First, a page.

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Gastrostomies Preserve But Do Not Increase Quality of Life for Patients and Caregivers

Published:November 10, 2016DOI:https://doi.org/10.1016/j.cgh.2016.10.032

      Background & Aims

      Gastrostomies are widely used to provide long-term enteral nutrition to patients with neurologic conditions that affect swallowing (eg, following a cerebrovascular accident or for patients with motor neuron disease) or with oropharyngeal malignancies. The benefits derived from this intervention are uncertain for patients and caregivers. We conducted a prospective, multicenter cohort study to determine how gastrostomies affect health-related quality of life (HRQoL) in recipients and caregivers.

      Methods

      We performed a study of 100 patients who received gastrostomies (55% percutaneous endoscopic gastrostomy, 45% radiologically inserted) at 5 centers in the United Kingdom, 100 caregivers, and 200 population control subjects. We used the EuroQol-5D (comprising a questionnaire, index, visual analogue scale) to assess HRQoL for patients and caregivers before the gastrostomy insertion and then 3 months afterward; findings were compared with those from control subjects. Ten patients and 10 caregivers were also interviewed after the procedure to explore quantitative findings. Findings from the EuroQol-5D and semi-structured interviews were integrated using a mixed-methods matrix.

      Results

      Six patients died before the 3-month HRQoL reassessments. We observed no significant longitudinal changes in mean EuroQol-5D index scores for patients (0.70 before vs 0.710 after; P = .83) or caregivers (0.95 before vs 0.95 after; P = .32) following gastrostomy insertion. The semi-structured interviews revealed problems in managing gastrostomy tubes, social isolation, and psychological and emotional consequences that reduced HRQoL.

      Conclusions

      We performed a mixed-methods prospective study of the effects of gastrostomy feeding on HRQoL. HRQoL did not significantly improve after gastrostomy insertion for patients or caregivers. The lack of significant decrease in HRQoL after the procedure indicates that gastrostomies may help maintain HRQoL. Findings have relevance to those involved in gastrostomy insertion decisions and indicate the importance of carefully selecting patients for this intervention, despite the relative ease of insertion.

      Keywords

      Abbreviations used in this paper:

      EQ-5D (EuroQOL-5-Dimensions), HRQoL (health-related quality of life), PEG (percutaneous endoscopic gastrostomy), RIG (radiologically inserted gastrostomies), VAS (visual analogue scale)
      See editorial on page 998.
      Gastrostomies are widely used to provide long-term enteral nutrition when oral intake is inadequate. They are most frequently performed in patients with neurologic conditions affecting swallowing (eg, post cerebrovascular accident, motor neurone disease) and in those with oropharyngeal malignancy.
      • Kurien M.
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      Percutaneous endoscopic gastrostomy (PEG) feeding.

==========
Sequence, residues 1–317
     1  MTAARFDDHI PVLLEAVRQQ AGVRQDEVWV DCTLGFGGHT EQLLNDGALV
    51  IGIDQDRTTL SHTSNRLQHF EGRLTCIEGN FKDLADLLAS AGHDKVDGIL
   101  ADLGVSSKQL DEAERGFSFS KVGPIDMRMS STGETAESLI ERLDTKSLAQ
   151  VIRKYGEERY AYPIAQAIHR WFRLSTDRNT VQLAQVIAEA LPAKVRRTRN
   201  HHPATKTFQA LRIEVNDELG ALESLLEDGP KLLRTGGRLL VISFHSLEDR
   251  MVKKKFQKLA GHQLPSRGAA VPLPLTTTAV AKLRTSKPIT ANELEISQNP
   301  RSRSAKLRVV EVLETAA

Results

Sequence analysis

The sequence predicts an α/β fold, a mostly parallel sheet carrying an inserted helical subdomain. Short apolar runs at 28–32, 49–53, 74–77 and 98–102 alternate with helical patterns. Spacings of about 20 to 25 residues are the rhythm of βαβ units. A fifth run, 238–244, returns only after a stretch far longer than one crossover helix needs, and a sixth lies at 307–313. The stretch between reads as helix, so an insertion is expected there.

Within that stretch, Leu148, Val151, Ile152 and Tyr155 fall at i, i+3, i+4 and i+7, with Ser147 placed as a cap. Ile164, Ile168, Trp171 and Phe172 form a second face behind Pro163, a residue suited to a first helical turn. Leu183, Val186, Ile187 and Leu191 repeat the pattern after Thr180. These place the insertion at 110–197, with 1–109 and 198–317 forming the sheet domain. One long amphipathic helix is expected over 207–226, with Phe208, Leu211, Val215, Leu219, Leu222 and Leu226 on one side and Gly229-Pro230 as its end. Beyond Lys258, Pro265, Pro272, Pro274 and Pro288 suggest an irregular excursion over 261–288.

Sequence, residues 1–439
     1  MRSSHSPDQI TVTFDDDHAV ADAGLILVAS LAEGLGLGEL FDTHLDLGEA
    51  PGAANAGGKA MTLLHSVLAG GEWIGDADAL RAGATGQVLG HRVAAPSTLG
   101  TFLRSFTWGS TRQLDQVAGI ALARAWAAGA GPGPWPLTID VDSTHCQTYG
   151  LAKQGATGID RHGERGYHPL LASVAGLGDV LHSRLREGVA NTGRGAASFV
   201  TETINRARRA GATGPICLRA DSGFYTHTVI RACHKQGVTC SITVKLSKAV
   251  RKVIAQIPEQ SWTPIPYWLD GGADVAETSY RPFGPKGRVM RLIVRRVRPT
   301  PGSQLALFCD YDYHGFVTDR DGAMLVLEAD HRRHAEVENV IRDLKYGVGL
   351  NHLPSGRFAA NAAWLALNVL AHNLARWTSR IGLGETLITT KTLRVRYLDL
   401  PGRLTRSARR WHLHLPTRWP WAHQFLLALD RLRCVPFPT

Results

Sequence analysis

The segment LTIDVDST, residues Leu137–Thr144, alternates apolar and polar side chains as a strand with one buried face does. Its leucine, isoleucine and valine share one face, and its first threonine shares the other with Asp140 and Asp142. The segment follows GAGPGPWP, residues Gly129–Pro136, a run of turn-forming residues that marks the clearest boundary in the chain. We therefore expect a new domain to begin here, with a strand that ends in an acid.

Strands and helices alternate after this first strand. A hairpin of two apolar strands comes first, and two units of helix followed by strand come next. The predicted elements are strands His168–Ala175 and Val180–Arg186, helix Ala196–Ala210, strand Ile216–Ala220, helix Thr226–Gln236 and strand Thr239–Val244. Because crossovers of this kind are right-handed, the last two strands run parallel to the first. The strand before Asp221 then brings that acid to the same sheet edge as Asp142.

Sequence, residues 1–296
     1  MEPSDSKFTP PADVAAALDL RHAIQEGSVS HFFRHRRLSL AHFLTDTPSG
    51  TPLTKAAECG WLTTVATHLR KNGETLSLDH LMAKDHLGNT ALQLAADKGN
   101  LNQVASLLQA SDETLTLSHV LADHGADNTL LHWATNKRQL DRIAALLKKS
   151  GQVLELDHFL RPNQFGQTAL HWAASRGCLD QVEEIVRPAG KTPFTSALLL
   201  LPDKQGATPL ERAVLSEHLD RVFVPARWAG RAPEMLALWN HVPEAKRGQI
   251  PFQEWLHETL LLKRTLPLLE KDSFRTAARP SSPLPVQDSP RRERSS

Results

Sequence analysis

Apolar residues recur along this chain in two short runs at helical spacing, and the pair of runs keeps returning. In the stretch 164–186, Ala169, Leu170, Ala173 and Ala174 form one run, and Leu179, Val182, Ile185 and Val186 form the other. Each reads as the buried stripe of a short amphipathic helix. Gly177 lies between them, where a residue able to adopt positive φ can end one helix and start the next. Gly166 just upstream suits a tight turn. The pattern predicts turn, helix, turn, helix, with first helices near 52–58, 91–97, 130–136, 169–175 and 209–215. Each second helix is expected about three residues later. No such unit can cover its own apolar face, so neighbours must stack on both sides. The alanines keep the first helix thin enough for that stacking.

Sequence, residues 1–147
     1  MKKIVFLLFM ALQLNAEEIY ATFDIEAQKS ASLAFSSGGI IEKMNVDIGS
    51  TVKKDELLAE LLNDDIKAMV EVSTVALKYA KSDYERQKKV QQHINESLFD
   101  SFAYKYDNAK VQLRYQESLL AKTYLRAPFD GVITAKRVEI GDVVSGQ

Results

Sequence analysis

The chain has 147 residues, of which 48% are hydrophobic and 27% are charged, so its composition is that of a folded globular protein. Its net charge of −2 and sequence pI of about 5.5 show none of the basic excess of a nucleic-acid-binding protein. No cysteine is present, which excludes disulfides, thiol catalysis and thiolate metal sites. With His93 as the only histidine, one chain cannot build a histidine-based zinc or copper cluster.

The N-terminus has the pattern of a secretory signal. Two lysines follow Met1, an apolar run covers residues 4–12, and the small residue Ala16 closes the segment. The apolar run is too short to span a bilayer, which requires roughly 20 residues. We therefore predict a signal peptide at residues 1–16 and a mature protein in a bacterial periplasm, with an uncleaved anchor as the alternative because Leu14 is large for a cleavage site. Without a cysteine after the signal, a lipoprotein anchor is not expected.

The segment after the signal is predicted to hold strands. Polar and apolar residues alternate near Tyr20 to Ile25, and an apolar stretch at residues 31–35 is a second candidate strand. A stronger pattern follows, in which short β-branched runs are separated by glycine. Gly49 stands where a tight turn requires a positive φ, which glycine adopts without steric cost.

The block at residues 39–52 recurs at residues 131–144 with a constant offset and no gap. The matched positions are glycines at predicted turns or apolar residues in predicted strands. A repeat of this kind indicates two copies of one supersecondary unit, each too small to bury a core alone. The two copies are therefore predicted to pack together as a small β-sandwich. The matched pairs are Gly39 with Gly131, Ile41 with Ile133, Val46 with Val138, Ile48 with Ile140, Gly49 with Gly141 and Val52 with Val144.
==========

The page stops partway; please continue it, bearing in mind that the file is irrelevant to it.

A total of 17,000 gastrostomies are estimated to be inserted annually in the United Kingdom, compared with 125,000 procedures in the United States.
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      Practice variation in PEG tube placement: trends and predictors among providers in the United States.

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      These estimate values and paucity of contemporary data internationally, highlight the uncertainty that currently exists in the medical literature regarding the frequency of enteral access placements.
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      Practice variation in PEG tube placement: trends and predictors among providers in the United States.
      Although these procedures are widely performed, controversies exist regarding the merits of this intervention. These controversies reflect the absence of an evidence base supporting their role in certain patient groups, and the high morbidity and mortality identified in others.
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      Percutaneous endoscopic gastrostomy: a prospective audit of the impact of guidelines in two district general hospitals in the United Kingdom.
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      Effect of timing and method of enteral tube feeding for dysphagic stroke patients (FOOD): a multicentre randomised controlled trial.
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      Enteral feeding methods for nutritional management in patients with head and neck cancers being treated with radiotherapy and/or chemotherapy.
      Quality of life is another important health outcome measure, which has been poorly characterized in this group of patients. Improving an understanding of this outcome measure is pertinent to those involved in the decision-making process regarding gastrostomy insertion, because improvements in survival and nutritional status could be perceived to be of limited gains, if no quality of life improvements are achieved for patients.
      Health-related quality of life (HRQoL) can be defined as the way illness, pain, and motor activity influences daily behavior, social activities, psychological well-being, and other aspects of an individual’s life.